§ MR. COZENS-HARDY (Norfolk, N.)
asked the "Under Secretary of State for India, "Whether his attention has been called to the case of Rukmabai, a defendant in an action, pending in the Bombay High Court, for the restitution of conjugal rights; whether this lady, when only a child of 11, was married without her consent; whether she has since received a high English education and developed considerable literary power; whether, while she is a lady of refinement, her nominal husband is a labourer earning only 10 rupees a month, unable to support her, and suffering from consumption; whether the Judges of the High Court have ordered her to join her nominal husband within a month, and whether she will be liable to be sent to prison for six mouths if she refuses to do so; and, whether the Government propose to take any action to prevent the Courts of Law from being used to compel adult Hindoo women, whose child marriages have never been followed by cohabitation, to live with their nominal husbands?
§ THE UNDER, SECRETARY OF STATE (Sir JOHN GORST) (Chatham)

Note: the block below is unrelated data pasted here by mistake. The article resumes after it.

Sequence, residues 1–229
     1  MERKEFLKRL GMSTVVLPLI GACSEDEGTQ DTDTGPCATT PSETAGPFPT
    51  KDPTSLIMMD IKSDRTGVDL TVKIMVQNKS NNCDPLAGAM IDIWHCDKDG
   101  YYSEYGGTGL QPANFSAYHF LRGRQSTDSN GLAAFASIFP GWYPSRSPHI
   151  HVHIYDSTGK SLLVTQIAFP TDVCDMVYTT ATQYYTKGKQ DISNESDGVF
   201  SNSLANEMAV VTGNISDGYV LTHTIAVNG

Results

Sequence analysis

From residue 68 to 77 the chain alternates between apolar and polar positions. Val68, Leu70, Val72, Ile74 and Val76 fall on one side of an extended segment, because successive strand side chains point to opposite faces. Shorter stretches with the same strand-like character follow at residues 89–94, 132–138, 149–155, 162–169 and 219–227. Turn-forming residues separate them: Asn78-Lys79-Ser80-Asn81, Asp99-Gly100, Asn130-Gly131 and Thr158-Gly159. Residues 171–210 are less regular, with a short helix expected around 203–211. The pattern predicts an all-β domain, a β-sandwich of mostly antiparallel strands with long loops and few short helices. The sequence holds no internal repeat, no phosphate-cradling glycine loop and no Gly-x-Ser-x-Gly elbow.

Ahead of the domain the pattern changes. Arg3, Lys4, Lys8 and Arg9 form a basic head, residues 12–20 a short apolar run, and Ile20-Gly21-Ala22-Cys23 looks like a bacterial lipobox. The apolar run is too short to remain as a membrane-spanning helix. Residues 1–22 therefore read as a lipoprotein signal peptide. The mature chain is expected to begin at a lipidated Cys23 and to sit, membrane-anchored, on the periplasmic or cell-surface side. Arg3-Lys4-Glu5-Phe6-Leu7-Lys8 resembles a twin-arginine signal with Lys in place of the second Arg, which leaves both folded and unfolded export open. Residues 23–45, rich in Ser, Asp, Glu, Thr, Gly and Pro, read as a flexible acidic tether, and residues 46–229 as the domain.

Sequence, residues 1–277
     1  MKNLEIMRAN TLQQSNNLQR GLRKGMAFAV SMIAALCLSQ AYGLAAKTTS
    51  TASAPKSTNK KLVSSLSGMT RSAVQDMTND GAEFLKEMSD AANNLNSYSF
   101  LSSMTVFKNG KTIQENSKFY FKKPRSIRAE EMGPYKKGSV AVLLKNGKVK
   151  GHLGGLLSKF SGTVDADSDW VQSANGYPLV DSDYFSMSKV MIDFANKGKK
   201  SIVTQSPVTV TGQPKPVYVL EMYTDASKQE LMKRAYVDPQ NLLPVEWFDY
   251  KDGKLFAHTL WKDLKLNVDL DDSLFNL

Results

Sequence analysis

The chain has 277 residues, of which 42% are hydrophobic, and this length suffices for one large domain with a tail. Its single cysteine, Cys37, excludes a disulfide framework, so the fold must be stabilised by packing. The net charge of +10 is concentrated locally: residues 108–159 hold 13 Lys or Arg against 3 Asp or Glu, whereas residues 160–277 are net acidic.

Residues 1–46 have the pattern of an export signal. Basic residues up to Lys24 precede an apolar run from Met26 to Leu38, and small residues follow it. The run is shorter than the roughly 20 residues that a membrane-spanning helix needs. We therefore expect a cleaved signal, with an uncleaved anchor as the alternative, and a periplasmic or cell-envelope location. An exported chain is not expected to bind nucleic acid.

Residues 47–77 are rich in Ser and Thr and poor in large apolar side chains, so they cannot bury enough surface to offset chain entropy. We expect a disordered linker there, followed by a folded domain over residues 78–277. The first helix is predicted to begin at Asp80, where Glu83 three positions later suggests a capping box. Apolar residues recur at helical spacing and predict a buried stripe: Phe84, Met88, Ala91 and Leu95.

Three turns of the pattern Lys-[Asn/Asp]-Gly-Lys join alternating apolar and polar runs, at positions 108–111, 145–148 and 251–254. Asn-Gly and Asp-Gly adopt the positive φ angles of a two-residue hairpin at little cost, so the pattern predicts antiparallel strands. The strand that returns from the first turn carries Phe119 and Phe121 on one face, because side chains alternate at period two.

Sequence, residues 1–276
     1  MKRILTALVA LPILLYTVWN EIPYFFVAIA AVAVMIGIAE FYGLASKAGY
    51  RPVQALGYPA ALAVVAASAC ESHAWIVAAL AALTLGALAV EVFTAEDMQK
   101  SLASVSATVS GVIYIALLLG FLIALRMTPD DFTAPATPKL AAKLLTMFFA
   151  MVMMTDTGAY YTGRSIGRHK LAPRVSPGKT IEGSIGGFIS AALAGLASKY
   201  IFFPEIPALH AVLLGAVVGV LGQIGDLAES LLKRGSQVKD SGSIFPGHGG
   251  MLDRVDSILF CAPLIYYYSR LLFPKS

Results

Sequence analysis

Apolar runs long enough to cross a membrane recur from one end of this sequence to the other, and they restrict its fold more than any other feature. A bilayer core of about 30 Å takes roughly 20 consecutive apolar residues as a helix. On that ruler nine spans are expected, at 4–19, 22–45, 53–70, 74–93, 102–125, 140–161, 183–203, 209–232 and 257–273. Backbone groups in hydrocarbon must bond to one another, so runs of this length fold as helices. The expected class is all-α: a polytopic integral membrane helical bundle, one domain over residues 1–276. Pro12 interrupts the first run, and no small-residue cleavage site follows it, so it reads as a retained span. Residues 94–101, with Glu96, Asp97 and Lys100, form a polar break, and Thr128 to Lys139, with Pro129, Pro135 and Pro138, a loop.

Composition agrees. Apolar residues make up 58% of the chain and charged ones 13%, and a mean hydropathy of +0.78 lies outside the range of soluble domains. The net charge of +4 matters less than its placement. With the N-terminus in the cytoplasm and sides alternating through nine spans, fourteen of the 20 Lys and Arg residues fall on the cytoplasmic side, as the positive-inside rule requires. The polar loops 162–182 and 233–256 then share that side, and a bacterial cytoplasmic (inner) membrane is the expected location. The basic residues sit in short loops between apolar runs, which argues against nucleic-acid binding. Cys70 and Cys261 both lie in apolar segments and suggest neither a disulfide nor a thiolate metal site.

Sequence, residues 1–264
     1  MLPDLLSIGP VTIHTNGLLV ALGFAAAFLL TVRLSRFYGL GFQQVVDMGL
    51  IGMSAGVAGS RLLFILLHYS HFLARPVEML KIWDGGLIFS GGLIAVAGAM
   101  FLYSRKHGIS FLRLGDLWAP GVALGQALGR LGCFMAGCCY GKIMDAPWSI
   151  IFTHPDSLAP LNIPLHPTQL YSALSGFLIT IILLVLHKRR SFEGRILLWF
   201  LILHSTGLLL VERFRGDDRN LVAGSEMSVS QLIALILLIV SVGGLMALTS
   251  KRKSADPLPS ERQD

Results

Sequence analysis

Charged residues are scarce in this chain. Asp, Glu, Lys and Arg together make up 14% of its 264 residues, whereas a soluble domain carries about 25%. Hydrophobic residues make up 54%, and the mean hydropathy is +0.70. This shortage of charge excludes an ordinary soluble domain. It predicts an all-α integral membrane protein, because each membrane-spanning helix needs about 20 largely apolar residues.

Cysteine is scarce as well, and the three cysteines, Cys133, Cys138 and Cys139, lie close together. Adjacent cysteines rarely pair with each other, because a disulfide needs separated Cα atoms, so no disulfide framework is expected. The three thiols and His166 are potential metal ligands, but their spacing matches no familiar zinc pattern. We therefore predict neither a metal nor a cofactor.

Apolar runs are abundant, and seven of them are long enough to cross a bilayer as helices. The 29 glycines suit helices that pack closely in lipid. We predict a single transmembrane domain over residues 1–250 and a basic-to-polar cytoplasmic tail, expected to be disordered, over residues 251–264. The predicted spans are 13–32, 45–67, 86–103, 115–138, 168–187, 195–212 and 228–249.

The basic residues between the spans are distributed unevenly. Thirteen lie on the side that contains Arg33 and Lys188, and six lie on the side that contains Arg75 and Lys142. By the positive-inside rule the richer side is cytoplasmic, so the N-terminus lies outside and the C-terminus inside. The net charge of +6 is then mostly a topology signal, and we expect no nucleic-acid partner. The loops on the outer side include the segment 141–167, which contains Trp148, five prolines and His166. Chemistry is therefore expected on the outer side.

The proceedings of the Courts in India, 718 which are public, are not officially reported to the Secretary of State. I have thus no means of information not equally open to the hon. Member. It appears from the Indian law reports that Rukmabai when a child of 11 was married with the consent of her guardians to a husband then aged 19. After the marriage she continued to live with her mother, and the marriage was never consummated. Eleven years afterwards the husband called upon his wife to live with him and she refused. I have no reasons to doubt the statements as to the relative positions of the husband and wife implied in the Question. The husband instituted a suit for institution or restitution of conjugal rights. The Court of First Instance held that the suit was not maintainable. This judgment was reversed by the Court of Appeal in March, 18sG, and the case was remanded to the Court of First Instance for a decision on the merits. The decision of this Court appears to have been now given in favour of the husband. How the decision of the Court is to be enforced, and what would be the consequence to the wife disobeying its orders, are questions of Indian Law upon which I must decline to give an opinion. But the wife may appeal to the Court of Appeal against the decision on the merits, and the two judgments of the Court of Appeal—that on the law and on the merits—if given—may be re-viewed by the Privy Council; while the case is thus still pending any consideration such as that suggested in the last paragraph of the Question would be premature.